The Federal Circuit's opinion in Forest Group dramatically alters the way in which the district courts must assess the penalty under Section 292 for defendants found guilty of falsely marking an unpatented article as if it were patented. Under the new standard the penalty is applied on a per article basis, and can range anywhere from fractions of a penny to $500 per article. This new standard, and the uncertainty in how district courts will set the penalty rate in a given case, provides greater financial incentive for plaintiffs to pursue false marking qui tam actions then they had before. Indeed, as noted in the opinion, there is a new breed of troll, the “marking troll” making its way on the scene and this decision will only embolden and encourage these plaintiffs to bring suits and push the envelope for what conduct constitutes false marking.
The article summarizes the Federal Circuit’s opinion, notes its likely impact in increasing the number of false marking claims filed, identifies questions left open by the opinion, and tries to provide an implicit warning to corporations to be careful in their marking efforts, including vigilantly ceasing to mark newly made products where a patent has expired.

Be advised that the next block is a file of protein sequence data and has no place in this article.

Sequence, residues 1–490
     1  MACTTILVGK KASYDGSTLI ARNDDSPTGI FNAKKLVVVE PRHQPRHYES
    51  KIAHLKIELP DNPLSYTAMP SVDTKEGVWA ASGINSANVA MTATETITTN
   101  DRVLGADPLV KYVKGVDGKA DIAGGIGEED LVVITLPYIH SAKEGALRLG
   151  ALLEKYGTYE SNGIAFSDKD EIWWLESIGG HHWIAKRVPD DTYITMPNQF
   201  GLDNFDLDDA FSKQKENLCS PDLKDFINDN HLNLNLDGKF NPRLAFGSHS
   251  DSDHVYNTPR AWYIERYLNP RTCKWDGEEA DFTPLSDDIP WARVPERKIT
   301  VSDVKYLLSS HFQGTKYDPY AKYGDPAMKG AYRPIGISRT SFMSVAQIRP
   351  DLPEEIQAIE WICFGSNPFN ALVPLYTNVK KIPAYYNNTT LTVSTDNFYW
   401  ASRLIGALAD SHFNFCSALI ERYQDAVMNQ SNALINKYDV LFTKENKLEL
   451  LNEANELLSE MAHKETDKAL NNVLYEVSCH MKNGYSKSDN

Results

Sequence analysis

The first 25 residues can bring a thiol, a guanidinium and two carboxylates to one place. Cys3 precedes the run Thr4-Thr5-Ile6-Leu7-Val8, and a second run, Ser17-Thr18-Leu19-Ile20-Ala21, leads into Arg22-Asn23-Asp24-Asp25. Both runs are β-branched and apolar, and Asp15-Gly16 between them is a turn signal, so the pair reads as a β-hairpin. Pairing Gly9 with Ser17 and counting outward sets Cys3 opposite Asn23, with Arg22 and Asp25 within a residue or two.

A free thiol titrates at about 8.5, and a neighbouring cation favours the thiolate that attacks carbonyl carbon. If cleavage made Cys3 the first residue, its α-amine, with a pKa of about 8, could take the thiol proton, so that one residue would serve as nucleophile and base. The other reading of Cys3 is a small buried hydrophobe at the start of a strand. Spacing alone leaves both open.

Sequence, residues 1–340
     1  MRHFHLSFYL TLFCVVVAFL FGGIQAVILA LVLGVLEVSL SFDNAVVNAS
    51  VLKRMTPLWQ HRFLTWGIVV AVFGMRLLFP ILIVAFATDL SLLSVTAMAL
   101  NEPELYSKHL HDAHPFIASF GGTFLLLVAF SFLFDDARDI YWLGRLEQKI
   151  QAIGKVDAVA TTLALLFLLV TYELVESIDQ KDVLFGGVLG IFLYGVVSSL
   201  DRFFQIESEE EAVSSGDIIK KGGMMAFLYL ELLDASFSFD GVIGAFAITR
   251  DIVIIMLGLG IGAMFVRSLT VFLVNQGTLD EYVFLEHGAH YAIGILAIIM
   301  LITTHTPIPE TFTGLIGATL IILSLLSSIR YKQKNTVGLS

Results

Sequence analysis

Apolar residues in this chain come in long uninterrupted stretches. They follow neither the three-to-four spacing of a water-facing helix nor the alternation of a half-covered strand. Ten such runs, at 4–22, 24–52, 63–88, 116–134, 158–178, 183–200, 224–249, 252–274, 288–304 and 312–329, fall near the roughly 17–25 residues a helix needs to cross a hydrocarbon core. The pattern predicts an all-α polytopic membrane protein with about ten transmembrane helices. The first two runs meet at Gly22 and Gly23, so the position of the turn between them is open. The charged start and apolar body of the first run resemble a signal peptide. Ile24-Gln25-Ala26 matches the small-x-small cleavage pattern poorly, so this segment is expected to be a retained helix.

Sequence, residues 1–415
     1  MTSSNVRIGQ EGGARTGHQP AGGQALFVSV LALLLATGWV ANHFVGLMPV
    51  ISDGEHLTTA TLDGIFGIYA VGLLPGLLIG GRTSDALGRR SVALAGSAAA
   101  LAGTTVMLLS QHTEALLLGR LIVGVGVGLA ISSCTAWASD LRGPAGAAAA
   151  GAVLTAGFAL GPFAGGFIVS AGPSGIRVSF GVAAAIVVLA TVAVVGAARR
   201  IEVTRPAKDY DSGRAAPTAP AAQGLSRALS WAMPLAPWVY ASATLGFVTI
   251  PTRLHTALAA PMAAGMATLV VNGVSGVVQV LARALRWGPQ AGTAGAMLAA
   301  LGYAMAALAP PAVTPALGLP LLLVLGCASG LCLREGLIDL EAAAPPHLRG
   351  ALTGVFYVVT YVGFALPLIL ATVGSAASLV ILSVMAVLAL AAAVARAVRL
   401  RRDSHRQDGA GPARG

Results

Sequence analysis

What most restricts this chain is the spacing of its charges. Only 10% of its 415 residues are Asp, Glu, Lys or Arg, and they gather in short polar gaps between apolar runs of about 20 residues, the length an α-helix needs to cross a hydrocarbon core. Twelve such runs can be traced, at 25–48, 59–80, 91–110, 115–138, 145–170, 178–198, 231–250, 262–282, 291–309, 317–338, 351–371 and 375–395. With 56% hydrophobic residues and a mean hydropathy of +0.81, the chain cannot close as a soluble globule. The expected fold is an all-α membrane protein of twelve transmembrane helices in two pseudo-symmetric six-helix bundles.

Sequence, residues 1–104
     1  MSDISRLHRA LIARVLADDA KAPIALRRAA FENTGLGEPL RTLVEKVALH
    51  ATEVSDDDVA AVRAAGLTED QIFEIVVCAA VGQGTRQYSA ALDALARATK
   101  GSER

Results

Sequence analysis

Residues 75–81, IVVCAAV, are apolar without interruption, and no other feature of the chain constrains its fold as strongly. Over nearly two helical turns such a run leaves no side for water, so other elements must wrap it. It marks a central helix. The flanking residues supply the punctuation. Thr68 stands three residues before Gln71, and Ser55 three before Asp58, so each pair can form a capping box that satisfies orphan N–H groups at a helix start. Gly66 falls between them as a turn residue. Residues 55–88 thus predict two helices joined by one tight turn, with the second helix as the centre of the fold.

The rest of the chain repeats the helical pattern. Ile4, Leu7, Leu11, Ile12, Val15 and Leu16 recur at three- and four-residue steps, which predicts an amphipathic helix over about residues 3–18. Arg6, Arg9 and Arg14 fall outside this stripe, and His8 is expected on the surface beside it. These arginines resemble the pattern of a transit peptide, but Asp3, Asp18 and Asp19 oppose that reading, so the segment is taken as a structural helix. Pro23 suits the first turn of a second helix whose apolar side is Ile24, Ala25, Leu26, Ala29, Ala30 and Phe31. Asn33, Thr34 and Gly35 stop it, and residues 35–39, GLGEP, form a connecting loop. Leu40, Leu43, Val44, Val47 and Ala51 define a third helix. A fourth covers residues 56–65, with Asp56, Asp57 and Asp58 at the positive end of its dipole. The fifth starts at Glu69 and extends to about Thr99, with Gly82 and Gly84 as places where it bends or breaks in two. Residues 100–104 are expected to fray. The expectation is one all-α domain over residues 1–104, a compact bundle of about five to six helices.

Firefox recommends the PDF Plugin for Mac OS X for viewing PDF documents in your browser.
We can also show you Legal Updates using the Google Viewer; however, you will need to be logged into Google Docs to view them.
Please choose one of the above to proceed!
LOADING PDF: If there are any problems, click here to download the file.
Intellectual Property Updates
DISCLAIMER: Because of the generality of this update, the information provided herein may not be applicable in all situations and should not be acted upon without specific legal advice based on particular situations.
© Robert Matthews, Jr., Matthews Patent-Law Consulting | Attorney Advertising